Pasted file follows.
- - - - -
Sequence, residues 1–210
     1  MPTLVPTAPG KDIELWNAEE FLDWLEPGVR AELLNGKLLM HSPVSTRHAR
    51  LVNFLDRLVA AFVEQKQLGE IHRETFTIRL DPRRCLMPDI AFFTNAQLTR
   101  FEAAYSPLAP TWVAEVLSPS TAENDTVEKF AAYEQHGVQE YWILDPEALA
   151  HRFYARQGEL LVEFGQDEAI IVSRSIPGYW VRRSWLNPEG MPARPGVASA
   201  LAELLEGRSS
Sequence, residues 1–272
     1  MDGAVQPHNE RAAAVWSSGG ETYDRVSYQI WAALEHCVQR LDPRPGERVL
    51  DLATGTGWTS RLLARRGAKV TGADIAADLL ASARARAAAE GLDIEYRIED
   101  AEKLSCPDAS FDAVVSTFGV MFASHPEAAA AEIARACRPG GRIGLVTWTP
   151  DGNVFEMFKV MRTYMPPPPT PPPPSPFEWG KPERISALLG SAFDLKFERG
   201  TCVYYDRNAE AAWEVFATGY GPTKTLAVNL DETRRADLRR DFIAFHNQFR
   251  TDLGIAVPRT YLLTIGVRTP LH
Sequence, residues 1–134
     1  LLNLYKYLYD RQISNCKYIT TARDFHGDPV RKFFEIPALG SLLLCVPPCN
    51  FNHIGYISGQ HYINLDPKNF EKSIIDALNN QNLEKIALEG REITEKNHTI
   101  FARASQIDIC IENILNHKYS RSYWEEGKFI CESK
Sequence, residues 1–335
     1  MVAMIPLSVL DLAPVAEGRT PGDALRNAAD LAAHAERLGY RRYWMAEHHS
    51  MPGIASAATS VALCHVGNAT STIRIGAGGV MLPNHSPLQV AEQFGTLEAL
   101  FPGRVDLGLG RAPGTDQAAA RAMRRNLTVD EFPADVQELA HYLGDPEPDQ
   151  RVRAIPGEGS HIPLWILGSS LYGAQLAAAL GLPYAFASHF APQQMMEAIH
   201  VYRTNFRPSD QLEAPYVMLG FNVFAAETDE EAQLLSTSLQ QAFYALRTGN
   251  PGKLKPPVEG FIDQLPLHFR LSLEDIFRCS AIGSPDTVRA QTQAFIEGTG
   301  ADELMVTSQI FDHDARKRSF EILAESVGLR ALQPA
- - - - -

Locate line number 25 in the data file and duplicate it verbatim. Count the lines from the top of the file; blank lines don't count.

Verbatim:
   301  ADELMVTSQI FDHDARKRSF EILAESVGLR ALQPA